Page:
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Light Arms Proliferation Contributes to Instability in West Africa

  • Paul Okolo

The United Nations says there are millions of light arms in West Africa that could worsen current conflicts in Guinea Bissau, Ivory Coast and the Niger Delta, the oil-producing area of Nigeria. Alex Vines, a researcher at the British Royal Institute of International Affairs in London, says significant amounts are made in the region itself.

"Light weapons and guns are nothing new in West Africa,” says Mr. Vines. “Blacksmiths were making guns in Ghana 200 years ago to fight the colonialists."

Mr. Vines says politics and poverty are partly to blame for the proliferation of guns in West Africa, including the Niger Delta, where years of neglect by successive governments and oil multinationals have led to local rebellion. Mr. Vines says the large amounts of weapons used by the rebels are financed with money made from the theft of crude oil, known as oil-bunkering. Similarly, he says former Liberian President Charles Taylor used money from Liberia's diamond, timber and shipping registry to purchase weapons used in Liberia, Sierra-Leone and now Ivory Coast.

According to the London-based analyst, getting rid of these weapons is not as easy. For example, in Nigeria's Niger Delta, the authorities have been encouraging combatants to surrender their weapons in exchange for money. But according to Mr. Vines, “"These guns are old… and not very valuable, and so my suspicion is that the best weapons are being stockpiled for a rainy day."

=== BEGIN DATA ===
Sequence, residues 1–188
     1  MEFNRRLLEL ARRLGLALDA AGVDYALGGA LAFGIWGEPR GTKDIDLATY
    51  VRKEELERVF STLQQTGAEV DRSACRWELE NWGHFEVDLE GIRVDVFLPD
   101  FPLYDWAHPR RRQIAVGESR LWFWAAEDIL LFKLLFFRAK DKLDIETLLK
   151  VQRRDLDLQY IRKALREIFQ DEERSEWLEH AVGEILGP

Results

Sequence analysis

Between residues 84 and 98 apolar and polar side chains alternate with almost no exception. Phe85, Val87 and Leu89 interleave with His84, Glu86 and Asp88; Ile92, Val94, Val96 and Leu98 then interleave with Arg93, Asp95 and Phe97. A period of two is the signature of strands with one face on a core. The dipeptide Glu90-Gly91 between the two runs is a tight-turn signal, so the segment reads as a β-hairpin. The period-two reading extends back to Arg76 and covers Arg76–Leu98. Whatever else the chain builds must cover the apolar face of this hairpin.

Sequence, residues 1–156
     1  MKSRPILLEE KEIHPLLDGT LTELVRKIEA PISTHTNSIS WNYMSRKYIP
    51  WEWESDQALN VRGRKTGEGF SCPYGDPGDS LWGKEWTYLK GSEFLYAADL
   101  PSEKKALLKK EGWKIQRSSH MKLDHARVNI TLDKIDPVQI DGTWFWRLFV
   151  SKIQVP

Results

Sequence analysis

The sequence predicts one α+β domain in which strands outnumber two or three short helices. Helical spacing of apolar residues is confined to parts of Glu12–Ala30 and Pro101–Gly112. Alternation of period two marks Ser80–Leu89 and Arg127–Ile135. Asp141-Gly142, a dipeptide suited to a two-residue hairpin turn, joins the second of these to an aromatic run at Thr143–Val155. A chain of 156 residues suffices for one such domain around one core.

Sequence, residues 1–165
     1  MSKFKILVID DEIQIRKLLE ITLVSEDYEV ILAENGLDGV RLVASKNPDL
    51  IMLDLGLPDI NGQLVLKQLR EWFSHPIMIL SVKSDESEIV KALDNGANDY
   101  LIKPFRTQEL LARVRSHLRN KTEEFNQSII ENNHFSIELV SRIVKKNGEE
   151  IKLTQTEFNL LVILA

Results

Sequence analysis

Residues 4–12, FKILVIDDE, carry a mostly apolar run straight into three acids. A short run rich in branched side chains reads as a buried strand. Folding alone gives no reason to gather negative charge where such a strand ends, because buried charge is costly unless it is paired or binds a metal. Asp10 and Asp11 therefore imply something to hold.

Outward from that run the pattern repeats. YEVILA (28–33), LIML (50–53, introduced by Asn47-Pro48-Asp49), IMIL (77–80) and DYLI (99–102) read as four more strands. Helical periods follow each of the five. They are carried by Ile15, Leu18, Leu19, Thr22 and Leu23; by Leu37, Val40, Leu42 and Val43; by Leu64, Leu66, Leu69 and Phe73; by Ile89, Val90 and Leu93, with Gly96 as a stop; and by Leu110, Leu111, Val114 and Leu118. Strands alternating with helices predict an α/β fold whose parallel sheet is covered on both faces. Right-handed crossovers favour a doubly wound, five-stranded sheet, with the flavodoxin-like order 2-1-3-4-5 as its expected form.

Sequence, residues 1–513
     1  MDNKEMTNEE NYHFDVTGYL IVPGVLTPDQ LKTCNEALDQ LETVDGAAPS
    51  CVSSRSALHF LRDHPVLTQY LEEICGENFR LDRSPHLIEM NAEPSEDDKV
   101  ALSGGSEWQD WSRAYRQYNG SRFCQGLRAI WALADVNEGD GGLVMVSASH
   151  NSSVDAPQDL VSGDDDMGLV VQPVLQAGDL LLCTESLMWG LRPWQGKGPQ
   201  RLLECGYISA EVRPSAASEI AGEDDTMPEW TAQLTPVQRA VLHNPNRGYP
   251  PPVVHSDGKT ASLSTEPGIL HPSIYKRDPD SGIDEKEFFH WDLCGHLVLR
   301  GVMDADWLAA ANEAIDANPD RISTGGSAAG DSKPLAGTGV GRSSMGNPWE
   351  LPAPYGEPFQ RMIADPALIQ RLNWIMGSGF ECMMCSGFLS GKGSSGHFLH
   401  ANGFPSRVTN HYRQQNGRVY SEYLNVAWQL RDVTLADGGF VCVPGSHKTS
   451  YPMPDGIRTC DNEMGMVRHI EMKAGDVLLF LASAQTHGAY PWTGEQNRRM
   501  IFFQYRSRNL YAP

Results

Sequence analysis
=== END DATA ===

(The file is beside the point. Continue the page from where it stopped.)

As a more effective solution, he suggests, is joint action by the regional body, The Economic Community of West African States. Already, he says ECOWAS has a moratorium in force that requires member states to get permission to import light weapons. Some members, however, are failing to comply.

"On paper the ECOWAS moratorium is good, “ says Mr. Vines,” but it hasn't been working. In fact, the ECOWAS secretariat and the ECOWAS heads of state and government have recognized that and now they are talking about putting a mandatory convention in place. So negotiations are starting, and as with so much legislation for ECOWAS in West Africa, it's one thing to get the draft text adopted but …the enactment by national assemblies and parliaments in the region …. can take many years."

In addition, Mr. Vines also calls for better coordination among groups trying to disarm combatants in the various conflict zones: “UN disarmament efforts [are not well coordinated]. For example, the Liberian disarmament process was offering significantly less money in U.S. dollar terms that in Ivory Coast. So of, what happens ? People are holding onto their guns in Liberia until they can sell them to Ivory Coast. And what [happens as a result] ? … conflict."

The lasting solution, says Mr. Vines, will depend on the region’s ability to resolve its political and economic problems.

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